If there was ever a time to celebrate Black Excellence, the time would be now. Actually, it's always a good time to celebrate Black Excellence especially since blacks worldwide have constantly and consistently been in an uphill battle to overthrow systematic oppression and recover from centuries old displacement and disadvantage.
The news and media love to highlight shortcomings, failings, and victimization of black people. Whether it is corruption in foreign countries, malnourished children in the motherland, or crime and drug related dramas being played out domestically.
Musically, the story of black people has been unbalanced through lyrical storytelling of hyper sexuality, drug use, and violence in the last 30 years. It can be difficult sometimes to believe there is much worthy of applauding in our community. So when a song like this comes out accompanied by a music video showcasing the cream-of-the-crop, it is a reprieve from the status quo of commercialized laissez-faire.
Yes, it is a breath of fresh air to see entrepreneurship being celebrated and glorified through song and dance. Although I appreciate the attempt to show blacks in a position of power, self sustainment, Financial Freedom, and economic confidence, I feel somewhat short-changed. It's not that I don't appreciate the message behind the music, but it just seemed a little vague. A little lacking.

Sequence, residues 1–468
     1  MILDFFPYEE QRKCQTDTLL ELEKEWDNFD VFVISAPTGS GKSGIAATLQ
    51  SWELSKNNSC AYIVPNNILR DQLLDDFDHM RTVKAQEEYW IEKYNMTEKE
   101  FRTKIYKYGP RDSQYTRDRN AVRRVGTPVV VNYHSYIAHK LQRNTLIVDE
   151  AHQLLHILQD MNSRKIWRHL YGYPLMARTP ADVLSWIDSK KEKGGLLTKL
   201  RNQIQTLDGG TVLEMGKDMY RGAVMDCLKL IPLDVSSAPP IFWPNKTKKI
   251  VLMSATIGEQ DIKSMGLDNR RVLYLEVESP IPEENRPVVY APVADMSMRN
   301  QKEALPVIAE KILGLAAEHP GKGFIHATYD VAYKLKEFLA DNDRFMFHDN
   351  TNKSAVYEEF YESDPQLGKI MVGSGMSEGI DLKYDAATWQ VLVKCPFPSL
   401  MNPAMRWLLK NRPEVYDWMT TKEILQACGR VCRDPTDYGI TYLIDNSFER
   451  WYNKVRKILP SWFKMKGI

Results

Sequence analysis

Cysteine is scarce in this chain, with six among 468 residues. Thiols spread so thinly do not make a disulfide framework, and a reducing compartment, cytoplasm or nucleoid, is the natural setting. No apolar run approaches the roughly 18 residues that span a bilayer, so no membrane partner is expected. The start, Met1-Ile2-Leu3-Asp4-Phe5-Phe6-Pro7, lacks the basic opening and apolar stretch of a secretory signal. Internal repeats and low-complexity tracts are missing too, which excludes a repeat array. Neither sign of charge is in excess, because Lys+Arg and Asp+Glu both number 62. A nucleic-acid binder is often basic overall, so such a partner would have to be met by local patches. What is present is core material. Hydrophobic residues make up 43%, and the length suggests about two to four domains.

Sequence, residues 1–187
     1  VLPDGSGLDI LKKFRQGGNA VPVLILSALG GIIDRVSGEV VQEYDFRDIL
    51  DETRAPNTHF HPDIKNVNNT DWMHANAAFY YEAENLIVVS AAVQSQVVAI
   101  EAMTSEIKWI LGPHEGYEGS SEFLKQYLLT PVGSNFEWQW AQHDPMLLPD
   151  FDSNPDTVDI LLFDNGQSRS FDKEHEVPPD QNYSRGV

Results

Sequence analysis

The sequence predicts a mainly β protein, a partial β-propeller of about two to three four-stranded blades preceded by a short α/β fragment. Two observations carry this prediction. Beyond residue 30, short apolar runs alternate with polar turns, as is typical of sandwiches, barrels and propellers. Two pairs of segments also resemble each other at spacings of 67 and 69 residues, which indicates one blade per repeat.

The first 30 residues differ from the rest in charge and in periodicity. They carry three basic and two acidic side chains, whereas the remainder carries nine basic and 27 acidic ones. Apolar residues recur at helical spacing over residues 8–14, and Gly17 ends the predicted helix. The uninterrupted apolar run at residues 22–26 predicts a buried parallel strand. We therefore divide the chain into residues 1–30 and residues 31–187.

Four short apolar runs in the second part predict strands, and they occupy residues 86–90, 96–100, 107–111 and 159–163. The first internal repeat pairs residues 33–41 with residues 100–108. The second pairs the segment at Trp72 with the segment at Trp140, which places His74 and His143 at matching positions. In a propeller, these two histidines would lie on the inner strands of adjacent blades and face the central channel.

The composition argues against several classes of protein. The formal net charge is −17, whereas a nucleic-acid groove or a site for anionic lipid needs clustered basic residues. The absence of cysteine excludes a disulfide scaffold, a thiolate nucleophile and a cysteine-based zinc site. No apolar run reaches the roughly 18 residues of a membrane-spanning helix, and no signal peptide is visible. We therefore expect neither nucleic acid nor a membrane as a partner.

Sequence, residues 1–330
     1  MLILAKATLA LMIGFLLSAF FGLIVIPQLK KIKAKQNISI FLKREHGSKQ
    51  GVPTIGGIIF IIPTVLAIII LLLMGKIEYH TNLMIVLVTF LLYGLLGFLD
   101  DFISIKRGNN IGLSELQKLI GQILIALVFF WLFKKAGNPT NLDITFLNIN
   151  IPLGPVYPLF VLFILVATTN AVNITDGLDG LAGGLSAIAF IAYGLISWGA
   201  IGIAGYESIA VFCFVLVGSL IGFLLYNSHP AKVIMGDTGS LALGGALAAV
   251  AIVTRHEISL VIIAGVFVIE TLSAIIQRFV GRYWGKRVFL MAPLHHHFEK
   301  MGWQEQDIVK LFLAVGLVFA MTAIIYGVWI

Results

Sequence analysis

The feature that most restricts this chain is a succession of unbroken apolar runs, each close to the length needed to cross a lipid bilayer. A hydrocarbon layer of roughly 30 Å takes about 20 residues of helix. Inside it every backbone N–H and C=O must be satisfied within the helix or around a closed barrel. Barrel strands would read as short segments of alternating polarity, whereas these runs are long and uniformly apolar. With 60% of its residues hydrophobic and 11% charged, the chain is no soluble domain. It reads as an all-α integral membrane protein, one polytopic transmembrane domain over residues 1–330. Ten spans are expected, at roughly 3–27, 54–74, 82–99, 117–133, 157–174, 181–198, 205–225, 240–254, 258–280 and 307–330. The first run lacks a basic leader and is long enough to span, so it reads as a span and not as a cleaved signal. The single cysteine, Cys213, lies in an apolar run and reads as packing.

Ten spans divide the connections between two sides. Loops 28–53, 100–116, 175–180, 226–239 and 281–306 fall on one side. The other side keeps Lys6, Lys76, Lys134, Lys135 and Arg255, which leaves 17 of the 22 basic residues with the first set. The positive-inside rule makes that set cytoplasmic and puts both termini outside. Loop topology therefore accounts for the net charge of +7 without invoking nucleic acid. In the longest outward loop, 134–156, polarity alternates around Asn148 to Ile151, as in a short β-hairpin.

In comparison, watching The Cosby Show growing up gave me a sense of pride in being black and helped me to believe that I could achieve greatness just like the Huxtables. There was the general premise that wealth and success came through education. The family was socially and intellectually well groomed. A doctor, a lawyer, college students. Since this was a situational comedy, I don't criticize it too much for being too generalized. Or maybe I should've?
All those years in my youth watching a show based on greatness without really understanding how to get there. Isn't there some way that Bill Cosby could have worked in some lessons to teach us how to earn wealth and build family legacies into his comedic scripts, rather than just placating us with stories of his own fictional family? Sigh.
Fast forward a couple of decades, and not only do I want to get a warm and fuzzy feeling from seeing successful black people. But now I want to know how they got there. A butcher, a baker, a bread box maker is a paraphrased short and sweet version of how they got from point A to point B. But I want more.
Upon seeing the title of the song, ENTREPRENEUR-my hopeful claim to fame, I think what I was expecting was to hear line by line plans of success being rapped or sung to me. I was expecting to hear key elements of the entrepreneurial mindset, the foundation of financial acuity, the secret to negotiating and making the sale.
I wanted to understand what it meant to be an entrepreneur, not just see the end results. Does that sound ungrateful? Does that sound rude? Am I being a hater? By the end of my YouTube video definitely felt like one. I felt like I was throwing shade not only on whoever wrote the lyrics and made the beats, but even on celebrity entrepreneur Issa Rae who in her own right has accomplished success from humble beginnings - she was a YouTuber just like me!